A verdict has come down in the wrongful death trial against Illinois College and a Champaign-based athletic equipment company.
After three weeks of hearing testimony, looking over evidence and hearing closing arguments, the jury in the wrongful death case of Robert Yin, a Grinnell College pole vaulter who died after injuries sustained during a 2010 track meet at Illinois College, has finally come down with a verdict.
Closing arguments took up nearly the entire work day yesterday, starting shortly after 9:30 a.m., and ending shortly before 4:15 p.m. Attorney Martin Healy, representing the Plaintiff, Yin’s mother Sandra Giger, was the first to present his closing argument. After a lengthy closing argument, Healy concluded by laying out the plaintiff’s monetary requests, and all together, the total requested amount came out to approximately $12.3 million.
Following a brief lunch break, the two defense teams representing Illinois College and the Litania Sports Group – the company responsible for providing the protective landing pad that played a primary role in this case – gave their closing arguments. Attorney David Mueller represented Illinois College. Mueller’s closing argument stressed the lack of legitimate scientific evidence presented by Healy, the fact that, as he argues, Illinois College complied by all NCAA rules, and precisely where and what part of Yin’s body landed on the protective landing pad.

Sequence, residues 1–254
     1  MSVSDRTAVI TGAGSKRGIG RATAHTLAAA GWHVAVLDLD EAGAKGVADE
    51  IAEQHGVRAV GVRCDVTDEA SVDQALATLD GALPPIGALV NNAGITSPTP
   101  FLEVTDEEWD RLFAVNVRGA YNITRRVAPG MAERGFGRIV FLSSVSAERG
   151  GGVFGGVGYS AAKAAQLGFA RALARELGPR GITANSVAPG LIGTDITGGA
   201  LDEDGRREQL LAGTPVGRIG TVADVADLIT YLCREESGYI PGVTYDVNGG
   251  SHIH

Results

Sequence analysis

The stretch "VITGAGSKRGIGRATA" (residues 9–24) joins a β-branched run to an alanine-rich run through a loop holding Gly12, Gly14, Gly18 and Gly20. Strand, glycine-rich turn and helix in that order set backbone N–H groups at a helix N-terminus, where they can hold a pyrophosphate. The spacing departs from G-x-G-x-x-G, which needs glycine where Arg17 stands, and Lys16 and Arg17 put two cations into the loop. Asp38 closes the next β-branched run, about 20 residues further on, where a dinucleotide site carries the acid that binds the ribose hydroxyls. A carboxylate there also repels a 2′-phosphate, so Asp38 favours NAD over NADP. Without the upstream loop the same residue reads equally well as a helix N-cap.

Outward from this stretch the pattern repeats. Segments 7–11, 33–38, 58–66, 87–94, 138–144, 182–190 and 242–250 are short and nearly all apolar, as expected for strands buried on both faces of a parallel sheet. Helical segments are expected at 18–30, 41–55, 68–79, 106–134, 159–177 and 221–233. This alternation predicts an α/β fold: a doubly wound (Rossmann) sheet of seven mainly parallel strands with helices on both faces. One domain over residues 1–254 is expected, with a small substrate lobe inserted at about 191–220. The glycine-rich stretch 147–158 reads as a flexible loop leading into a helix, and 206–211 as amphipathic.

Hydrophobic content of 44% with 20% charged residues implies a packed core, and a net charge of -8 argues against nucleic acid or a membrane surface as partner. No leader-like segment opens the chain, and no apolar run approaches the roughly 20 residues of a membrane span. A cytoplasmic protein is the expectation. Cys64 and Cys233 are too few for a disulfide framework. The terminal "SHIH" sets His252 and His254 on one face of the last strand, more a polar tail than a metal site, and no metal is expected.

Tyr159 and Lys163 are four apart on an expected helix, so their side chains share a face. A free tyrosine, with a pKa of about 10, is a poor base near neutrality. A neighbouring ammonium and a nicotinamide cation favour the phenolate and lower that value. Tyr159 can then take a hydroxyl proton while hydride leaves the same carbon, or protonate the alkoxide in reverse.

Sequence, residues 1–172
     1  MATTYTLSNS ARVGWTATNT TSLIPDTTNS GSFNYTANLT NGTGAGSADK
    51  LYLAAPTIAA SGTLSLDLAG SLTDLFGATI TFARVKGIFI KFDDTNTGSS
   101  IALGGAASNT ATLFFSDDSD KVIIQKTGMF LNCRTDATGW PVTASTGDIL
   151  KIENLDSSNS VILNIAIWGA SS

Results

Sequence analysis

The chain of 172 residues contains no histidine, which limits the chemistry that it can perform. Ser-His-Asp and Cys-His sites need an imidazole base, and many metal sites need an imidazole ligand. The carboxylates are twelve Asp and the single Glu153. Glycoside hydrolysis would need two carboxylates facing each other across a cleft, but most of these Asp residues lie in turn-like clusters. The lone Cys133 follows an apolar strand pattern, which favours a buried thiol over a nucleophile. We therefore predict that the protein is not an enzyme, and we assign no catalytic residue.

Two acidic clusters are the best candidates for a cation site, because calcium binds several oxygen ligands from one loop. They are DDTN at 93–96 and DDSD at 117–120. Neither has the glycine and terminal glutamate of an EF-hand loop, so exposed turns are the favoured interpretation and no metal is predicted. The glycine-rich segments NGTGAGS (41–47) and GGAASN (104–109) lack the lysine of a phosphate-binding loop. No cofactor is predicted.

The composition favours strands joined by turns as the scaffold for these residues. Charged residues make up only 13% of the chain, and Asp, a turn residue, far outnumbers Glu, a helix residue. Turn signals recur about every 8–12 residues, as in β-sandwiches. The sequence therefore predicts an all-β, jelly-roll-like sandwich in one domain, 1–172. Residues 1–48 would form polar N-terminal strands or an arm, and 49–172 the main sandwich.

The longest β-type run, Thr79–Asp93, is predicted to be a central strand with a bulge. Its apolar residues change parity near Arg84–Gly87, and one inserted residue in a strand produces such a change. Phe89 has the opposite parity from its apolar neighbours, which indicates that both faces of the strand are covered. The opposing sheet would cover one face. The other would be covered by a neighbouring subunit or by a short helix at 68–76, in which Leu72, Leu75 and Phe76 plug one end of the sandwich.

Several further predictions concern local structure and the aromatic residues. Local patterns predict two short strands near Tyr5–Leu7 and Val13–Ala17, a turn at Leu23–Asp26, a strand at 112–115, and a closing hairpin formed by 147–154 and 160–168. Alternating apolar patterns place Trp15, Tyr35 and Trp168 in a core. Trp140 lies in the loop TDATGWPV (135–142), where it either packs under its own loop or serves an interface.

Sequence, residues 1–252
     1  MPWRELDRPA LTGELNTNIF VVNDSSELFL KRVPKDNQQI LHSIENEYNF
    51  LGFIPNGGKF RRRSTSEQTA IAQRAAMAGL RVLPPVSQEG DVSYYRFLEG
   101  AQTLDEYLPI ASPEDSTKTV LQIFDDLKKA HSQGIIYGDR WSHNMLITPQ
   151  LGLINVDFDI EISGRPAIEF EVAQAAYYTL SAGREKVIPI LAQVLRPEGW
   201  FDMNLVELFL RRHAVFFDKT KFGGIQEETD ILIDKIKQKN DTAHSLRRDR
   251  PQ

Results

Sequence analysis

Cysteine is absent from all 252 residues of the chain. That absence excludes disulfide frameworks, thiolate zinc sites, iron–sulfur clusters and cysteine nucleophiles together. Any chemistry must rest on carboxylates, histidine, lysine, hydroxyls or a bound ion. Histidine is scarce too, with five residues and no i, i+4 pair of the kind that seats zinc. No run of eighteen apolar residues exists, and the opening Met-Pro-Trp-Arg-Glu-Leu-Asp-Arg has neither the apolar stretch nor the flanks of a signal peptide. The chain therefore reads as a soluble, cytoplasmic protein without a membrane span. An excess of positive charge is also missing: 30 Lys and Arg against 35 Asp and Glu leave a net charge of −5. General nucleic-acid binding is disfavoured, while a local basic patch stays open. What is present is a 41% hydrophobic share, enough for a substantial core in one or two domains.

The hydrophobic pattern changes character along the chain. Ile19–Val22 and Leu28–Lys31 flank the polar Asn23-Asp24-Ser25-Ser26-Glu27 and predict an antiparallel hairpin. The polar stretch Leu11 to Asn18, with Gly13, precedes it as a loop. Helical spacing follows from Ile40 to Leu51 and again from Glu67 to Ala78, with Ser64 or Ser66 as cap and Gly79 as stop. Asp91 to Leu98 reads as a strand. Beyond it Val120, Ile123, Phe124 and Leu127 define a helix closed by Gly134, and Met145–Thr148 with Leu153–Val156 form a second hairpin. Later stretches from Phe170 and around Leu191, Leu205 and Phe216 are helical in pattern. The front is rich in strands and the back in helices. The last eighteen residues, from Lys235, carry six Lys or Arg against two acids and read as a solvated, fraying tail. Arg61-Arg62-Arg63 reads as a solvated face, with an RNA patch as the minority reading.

Attorney Brian Hunt, representing Litania, was the last to make his closing argument. Hunt addressed jurors by saying that, if they decided on a verdict in favor of the Plaintiff, they should be one hundred percent confident in their belief that the two add-on protective pads became separated from the main protective landing pad, and that those add-ons were hanging over the edge of the track surface. A lack of evidence to support these claims is what Hunt based the majority of his argument on.
As closing arguments and Attorney Healy gave a brief rebuttal, Judge April Troemper provided the jury with a list of very specific instructions and duties prior to sending them off for deliberation.
Following deliberation, the jury came back with its verdict, which rewarded $2.5 million to the Plaintiff, with 50 percent reduced for contributory negligence – which was applied because it was determined that the Plaintiff, or in this case Robert Yin, contributed to his own death through a some degree of negligence – with Illinois College to pay 60 percent of the $1.25 million dollars, and Litania to provide 40 percent of that total.
Thus, Illinois College will end up paying a total of $750,000 to the Plaintiff, while Litania will cover the remaining $500,000.